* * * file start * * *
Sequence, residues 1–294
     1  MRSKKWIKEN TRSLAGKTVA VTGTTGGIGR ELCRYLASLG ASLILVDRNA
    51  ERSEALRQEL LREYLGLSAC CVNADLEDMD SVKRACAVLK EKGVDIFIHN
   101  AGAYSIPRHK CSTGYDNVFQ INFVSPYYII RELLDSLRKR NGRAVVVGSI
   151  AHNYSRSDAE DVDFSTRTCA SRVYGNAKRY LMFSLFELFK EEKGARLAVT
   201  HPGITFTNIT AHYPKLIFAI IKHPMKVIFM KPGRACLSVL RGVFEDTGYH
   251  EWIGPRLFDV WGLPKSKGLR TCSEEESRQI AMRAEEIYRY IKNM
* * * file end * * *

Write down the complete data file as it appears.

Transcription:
Sequence, residues 1–294
     1  MRSKKWIKEN TRSLAGKTVA VTGTTGGIGR ELCRYLASLG ASLILVDRNA
    51  ERSEALRQEL LREYLGLSAC CVNADLEDMD SVKRACAVLK EKGVDIFIHN
   101  AGAYSIPRHK CSTGYDNVFQ INFVSPYYII RELLDSLRKR NGRAVVVGSI
   151  AHNYSRSDAE DVDFSTRTCA SRVYGNAKRY LMFSLFELFK EEKGARLAVT
   201  HPGITFTNIT AHYPKLIFAI IKHPMKVIFM KPGRACLSVL RGVFEDTGYH
   251  EWIGPRLFDV WGLPKSKGLR TCSEEESRQI AMRAEEIYRY IKNM